Wednesday, September 9, 2009

Death and the Blues

I know this garter snake looks alive, but in truth, it is deceased. I found it on the roadside last night while Toby and I were out for our walk. When I found it, it was only mostly dead, which, according to Miracle Max, means still partly alive.

Not seeing any visible injuries, I picked it up, hoping it was mostly alive, but aside from the tip of the tail twitching back and forth, the animal just lay there. I suspect the nerves were the only things still firing. Ever hopeful, I brought it home, but by then it had completely expired. Still, it was in fine shape for photographing, so I took several pics.

It seems that all of a sudden there are a lot of deceased snakes on the roads. I suspect the weather is ultimately the culprit. Although the days have been sunny and mild, no doubt in the woods it is cool, and for a reptile heat is necessary for mobility and survival (if you are too cold to move, you cannot hunt). So the snakes are probably slithering out onto the pavement, where the radiating heat of the day warms them right up; toasty warm.

Unfortunately for the snakes, though, the roads host traffic, and traffic doesn't look out for snakes.

Most of the deceased (and flattened) snakes I've found, all of which have been garter snakes, btw, have been a lovely shade of turquoise. This is odd, since garter snakes are not blue. I've often wondered why they change color in death, and I've finally found the answer.

If you look at a live garter snake, its scales are brown, yellow and green. There is a lot of variation on the theme, but these are the basic colors. Going back to kindergarten, we all know that green is made by mixing blue and yellow. Well, it turns out that the yellow pigments are not stable, so after death they readily break down and disappear. The result is that the blue pigments are now totally exposed, turning the snake blue in death.


Still, if you are out and about these days when the sun is baking the roadsides, please watch for sunning reptiles. Do your best not to run them over - they are important cogs in the wheels of our ecosystems.


  1. Green snakes turn blue where their skin is injured and take on an overall bluish tint when they've been dead for a bit. Thanks for ferrating out and sharing that info on the unstable yellow pigment!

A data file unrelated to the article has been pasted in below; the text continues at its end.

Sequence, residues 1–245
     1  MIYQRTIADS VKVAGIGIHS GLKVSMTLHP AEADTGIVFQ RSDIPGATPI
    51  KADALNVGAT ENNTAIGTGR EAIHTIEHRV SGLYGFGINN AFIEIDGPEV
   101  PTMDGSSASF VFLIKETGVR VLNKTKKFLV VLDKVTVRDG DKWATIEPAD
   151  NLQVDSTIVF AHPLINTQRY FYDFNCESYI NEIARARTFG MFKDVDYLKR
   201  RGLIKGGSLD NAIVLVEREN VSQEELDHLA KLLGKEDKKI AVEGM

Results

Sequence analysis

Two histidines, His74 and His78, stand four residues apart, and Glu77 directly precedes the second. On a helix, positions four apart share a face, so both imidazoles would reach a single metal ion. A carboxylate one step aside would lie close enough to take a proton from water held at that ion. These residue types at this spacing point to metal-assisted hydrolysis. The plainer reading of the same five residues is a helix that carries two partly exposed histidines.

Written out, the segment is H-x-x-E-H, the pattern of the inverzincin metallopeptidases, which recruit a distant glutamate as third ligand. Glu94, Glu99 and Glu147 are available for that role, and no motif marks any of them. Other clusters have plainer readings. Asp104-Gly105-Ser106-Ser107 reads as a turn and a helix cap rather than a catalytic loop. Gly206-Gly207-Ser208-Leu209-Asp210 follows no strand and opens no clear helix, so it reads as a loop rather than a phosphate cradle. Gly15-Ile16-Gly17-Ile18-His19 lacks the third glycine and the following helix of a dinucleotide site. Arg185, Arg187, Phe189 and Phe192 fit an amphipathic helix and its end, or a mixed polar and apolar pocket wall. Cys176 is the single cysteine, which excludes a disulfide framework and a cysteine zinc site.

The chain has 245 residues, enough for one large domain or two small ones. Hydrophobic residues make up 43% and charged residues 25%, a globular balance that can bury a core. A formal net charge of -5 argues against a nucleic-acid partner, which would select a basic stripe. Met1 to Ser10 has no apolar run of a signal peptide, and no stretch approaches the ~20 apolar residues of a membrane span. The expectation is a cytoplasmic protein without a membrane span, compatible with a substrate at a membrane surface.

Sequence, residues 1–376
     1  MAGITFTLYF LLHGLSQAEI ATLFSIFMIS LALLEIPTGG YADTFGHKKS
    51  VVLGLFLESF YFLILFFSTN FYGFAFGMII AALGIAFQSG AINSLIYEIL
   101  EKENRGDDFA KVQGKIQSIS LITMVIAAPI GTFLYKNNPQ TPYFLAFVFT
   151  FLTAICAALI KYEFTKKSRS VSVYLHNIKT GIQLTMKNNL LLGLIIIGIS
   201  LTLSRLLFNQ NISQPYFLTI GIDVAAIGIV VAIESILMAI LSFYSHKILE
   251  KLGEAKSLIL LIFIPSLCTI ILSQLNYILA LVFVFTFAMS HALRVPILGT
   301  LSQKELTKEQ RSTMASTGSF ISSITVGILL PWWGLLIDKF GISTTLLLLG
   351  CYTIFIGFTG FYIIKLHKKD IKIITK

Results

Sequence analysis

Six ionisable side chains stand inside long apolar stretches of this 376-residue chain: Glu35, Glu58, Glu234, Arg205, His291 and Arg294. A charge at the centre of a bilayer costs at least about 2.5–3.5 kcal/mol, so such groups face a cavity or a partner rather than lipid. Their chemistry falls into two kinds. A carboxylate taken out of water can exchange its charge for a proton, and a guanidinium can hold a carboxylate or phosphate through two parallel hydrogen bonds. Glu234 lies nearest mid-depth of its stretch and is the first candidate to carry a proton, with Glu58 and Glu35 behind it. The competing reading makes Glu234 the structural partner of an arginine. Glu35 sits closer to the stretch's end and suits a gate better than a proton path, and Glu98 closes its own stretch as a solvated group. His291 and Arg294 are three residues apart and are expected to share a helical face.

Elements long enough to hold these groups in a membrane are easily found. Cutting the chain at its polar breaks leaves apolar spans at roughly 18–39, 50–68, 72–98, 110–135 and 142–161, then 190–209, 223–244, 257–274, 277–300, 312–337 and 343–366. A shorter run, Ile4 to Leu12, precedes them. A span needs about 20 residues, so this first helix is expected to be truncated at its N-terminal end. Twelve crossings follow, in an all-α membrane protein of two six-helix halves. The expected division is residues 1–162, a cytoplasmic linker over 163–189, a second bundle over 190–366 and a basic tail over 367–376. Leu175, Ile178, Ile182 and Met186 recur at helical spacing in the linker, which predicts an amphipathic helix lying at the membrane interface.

2. Your kidding! That is so cool about the snake pigment. Boy am I going to impress my friends with that info. Did you put the little snake in a jar with alcohol? It would be nice to keep. I'm sure as you look at it more you will discover more things or get more questions. Thanks for the great post!

  3. I'm sorry for that dear little snake, but how fascinating to learn about that color change. I hope not to witness it.

  4. Swampy - most of the data I could find used the Green Snake as a reference. We see green snakes so seldomly here - although we had a visitor see one last week and showed me a photo of it. I love green snakes - my favorite color and one of my favorite animals!

    Squirrel - I didn't preserve the snake. Nope, I tucked him into my compost bin.

    Woodswalker - I hope you never have to run into a dead snake, too, but I wouldn't count on it!

  5. That is interesting about the colour. I feel sad for the snake though. Any roadkill is sad. We see lots of raccoons around here. They have such lively personalities, its terrible to see them stilled.

  6. thanks for satisfying our curiosity about that blue color - so in a way, it is like what happens to the leaves in the fall, the underlying color is revealed!
    It's sad finding creatures alongside the road. Last Saturday I spent a few hours looking for snapping turtles in Dunham's Bay (none showed themselves), only to find one dead on the road, right in front of where I live. Some people just drive too darn fast on small roads and don't care what gets in the way.